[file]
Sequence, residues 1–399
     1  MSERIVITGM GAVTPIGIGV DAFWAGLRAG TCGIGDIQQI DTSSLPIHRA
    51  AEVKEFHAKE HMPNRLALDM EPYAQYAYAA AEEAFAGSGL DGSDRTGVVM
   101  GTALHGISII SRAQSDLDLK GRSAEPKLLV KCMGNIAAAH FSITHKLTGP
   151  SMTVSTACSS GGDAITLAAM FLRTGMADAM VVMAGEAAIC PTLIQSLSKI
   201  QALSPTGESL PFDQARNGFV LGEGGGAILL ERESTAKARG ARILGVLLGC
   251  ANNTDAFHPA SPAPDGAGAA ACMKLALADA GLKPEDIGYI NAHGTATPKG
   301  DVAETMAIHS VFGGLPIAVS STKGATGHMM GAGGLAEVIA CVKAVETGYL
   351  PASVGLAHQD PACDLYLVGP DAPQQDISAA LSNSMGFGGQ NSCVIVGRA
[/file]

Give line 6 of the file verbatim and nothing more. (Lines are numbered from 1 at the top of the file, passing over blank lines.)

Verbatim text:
   201  QALSPTGESL PFDQARNGFV LGEGGGAILL ERESTAKARG ARILGVLLGC